The Whisky Line and the Flood Line
THEY KILLED TIMMY at gone midnight outside a bar called The Red Fleet. We’d been drunk for two days by then, and we’d meant to keep going.We were off the Katie Beam, an 80 ton schooner. This was Tacoma, Washington, the winter arriving harder every hour. Eight months we’d been away—sealing—via Japan to the Bering Sea. In the middle of that eight months had been a solid 90 days of blood and meat to the knees. There were 23 of us on the Katie Beam, most of them Swedes. I didn’t understand their jokes, they didn’t understand mine, and anyway both sides quickly gave up on jokes.
Myself and Timmy were the only British men on board, and we naturally clung to that, despite our backgrounds. I was from the north, orphaned before the age of 5, taken in by families here and there, all of them hopelessly poor. He was a few years younger than myself at 25, and the heir to a family business, a healthy one, in Shropshire. He’d left the family home one afternoon, walked into the nearest town, hopped on a tram, and hadn’t stopped moving since. He didn’t know himself if this was simple young man’s ‘exuberance’, or if it was his life from now on. I couldn’t help, but when he told me that the first time he saw a tattoo on a woman (a whore, a two-headed snake on her left breast), he’d felt more of a man than he believed his father ever had, I thought it might last a long while yet.
He was tall and thin, with brown hair that stuck up and wasn’t much combed. He had sticking-out teeth, and he reminded me of someone on his way to being a professor, though he said he hadn’t ‘lived up to expectations’ in school (said in a tone that suggested he couldn’t, rather than refused to). His accent, able to cut through any kind of babble, covered that up. But he worked as hard as anyone did on the Katie Beam, and he drank whisky and mingled with women as much as anyone off it.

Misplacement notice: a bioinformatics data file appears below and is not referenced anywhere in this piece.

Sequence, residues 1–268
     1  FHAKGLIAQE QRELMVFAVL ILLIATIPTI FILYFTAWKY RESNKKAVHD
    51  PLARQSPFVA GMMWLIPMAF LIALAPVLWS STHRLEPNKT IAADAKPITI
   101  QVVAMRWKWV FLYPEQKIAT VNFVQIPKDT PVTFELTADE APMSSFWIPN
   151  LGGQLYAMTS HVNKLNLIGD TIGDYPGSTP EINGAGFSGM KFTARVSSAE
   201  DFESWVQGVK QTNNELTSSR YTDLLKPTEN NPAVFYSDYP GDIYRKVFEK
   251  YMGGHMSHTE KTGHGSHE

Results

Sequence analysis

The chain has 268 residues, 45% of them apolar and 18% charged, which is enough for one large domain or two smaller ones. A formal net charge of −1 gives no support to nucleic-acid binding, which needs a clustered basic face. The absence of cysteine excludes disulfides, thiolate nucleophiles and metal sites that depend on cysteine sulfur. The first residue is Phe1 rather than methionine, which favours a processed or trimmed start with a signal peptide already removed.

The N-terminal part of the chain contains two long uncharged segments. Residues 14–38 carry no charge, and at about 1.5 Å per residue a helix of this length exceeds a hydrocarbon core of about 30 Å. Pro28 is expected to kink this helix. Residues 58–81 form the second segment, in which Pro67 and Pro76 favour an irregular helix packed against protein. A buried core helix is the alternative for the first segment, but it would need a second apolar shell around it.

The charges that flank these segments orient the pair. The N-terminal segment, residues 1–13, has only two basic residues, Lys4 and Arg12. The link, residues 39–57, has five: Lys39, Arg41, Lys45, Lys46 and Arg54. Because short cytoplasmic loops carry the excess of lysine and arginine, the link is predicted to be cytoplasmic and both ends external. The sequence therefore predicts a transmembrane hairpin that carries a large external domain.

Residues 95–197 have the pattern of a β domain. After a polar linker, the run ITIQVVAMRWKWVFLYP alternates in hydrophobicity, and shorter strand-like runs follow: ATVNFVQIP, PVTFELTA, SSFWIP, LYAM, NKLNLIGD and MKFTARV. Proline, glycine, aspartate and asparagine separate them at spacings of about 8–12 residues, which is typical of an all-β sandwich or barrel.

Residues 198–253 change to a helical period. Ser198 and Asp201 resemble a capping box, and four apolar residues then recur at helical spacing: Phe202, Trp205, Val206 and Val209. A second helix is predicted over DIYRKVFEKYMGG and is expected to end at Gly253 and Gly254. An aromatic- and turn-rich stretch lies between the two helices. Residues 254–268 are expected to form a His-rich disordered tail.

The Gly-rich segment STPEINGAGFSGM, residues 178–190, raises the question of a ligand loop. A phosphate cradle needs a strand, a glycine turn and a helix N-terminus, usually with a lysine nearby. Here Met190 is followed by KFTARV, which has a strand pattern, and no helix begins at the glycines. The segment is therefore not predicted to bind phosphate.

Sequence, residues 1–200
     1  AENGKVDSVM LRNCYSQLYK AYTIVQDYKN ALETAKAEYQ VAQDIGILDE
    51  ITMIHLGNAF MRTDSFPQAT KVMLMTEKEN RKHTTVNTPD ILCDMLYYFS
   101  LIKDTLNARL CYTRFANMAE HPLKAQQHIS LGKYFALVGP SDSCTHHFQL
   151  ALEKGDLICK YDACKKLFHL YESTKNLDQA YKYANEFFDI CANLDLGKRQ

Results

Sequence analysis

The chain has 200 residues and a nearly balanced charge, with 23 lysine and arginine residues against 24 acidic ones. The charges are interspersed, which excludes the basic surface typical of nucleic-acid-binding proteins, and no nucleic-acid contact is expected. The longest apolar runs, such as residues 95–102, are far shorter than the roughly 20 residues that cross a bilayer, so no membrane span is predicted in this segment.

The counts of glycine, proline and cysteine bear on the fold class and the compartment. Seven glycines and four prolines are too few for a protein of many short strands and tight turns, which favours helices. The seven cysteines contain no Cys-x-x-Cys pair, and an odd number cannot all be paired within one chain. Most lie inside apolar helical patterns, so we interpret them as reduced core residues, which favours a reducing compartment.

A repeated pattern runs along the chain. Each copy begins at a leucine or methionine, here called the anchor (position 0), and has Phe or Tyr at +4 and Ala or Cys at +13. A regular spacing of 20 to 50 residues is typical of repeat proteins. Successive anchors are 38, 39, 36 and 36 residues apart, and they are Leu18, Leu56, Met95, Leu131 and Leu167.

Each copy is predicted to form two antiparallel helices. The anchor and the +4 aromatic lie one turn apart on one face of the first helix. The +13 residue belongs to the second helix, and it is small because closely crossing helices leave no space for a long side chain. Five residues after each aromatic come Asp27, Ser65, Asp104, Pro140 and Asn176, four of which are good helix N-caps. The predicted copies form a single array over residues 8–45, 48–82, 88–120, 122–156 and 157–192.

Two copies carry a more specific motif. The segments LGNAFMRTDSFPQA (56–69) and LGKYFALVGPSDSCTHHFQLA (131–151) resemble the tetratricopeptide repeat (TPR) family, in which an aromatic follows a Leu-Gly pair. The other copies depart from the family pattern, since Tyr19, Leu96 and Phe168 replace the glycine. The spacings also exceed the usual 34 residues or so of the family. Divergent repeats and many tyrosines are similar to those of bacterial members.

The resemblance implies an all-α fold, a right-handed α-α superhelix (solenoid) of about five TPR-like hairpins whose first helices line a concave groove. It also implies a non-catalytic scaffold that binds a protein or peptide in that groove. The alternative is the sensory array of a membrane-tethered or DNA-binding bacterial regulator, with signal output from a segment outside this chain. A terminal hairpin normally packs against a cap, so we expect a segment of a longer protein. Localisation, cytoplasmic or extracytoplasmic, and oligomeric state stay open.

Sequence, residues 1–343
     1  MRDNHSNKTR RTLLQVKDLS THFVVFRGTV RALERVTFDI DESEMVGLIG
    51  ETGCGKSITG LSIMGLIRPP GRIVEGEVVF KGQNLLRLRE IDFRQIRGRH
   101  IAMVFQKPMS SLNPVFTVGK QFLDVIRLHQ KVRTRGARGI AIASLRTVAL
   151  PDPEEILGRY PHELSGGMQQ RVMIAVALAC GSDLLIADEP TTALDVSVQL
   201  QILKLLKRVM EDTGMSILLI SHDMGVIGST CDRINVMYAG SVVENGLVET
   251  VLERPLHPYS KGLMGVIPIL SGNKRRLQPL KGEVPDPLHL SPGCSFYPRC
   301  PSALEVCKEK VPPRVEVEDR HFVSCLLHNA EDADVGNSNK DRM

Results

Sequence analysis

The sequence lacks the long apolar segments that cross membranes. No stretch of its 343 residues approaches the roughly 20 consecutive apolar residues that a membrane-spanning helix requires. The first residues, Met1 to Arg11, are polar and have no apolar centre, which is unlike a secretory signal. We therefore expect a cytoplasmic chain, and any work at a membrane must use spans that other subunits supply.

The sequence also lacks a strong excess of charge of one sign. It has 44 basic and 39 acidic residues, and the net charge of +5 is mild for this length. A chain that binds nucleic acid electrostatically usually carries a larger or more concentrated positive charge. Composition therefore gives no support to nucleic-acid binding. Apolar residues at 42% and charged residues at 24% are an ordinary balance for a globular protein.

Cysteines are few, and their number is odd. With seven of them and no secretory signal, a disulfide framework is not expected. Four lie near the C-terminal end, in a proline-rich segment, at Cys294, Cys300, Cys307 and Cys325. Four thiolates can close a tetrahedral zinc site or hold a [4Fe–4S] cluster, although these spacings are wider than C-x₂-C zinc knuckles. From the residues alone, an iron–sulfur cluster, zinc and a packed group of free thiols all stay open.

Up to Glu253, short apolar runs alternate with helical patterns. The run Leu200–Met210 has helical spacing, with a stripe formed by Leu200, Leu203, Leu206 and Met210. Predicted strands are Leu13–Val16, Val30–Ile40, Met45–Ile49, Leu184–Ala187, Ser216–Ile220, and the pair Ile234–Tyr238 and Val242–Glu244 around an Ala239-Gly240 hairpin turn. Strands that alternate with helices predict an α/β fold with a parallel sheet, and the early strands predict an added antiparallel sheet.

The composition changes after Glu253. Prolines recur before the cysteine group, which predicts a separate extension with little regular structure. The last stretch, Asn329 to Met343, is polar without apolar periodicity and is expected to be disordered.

Whisky was our drink, and while we knew it wasn’t how much you drank, but how fast you drank it, we did both. We watched a bar fight in the second place we stepped into, a couple of evenly-matched Irish lads. There was nothing unusual in seeing the Irish battle, of course, but in what felt like the fight’s second hour, one of them had a tooth knocked three feet out of his head and another sailor threw himself down and scrabbled around to claim it as a souvenir. I’d never seen that before. He was like a child when he got back to his feet, holding it up. I laughed, but not comfortably.
Elsewhere, a sailor and a whore (she had her price on the sole of her foot when she slipped her dainty shoe off, and it was a fair price) didn’t bother to find a room or so much as an alley. Suddenly she was across him where he sat; her skirt shuffled up above her fat arse. We all watched, took an interest in the movements. The landlord pretended not to know what was going on. Then, I don’t know why, but we got the idea to throw our drinks over them. Some even had quite a lot left in their glass when the hurling started. I say ‘we’, but I didn’t join in. Timmy did, but in a thoughtful way, as if this was another experience to put ground between his father and himself. The couple didn’t seem to mind very much, and it didn’t ruin anything on his part, as he finished not long after the last drop hit.
There was also the young New Zealander who showed us magic tricks with a knife, making it look like he was passing it through his palm or taking a finger off. I can’t claim my eyes were seeing things the way they should’ve been by then, and talking it over with Timmy later, it turned out he had seen different tricks altogether and been unimpressed by them.
I think that even if we hadn’t been British and united in that, we would’ve enjoyed each other’s company. He was good for this—it didn’t matter how drunk he was, or how angry he was (he was a great one for debating politics), he always had time to listen to me talking about my girl, Annie. She was my sweetheart, back there in Manchester. It was especially good of him to listen because I only ever said the same three or four things. How much I missed her, what we’d do when I saw her again (I don’t mean the mucky stuff, and he never let on he was thinking of that), how we met at a fair one summer, how her eyes were when she looked at me a certain way. I liked hearing myself say these things from time to time, and he always showed interest. He’d been lined up to marry some rich man’s daughter when he walked away from all that, so this was perhaps the one thing in my background that he could envy graciously. I did some of that kind of talk at least once or twice as we drank over those days.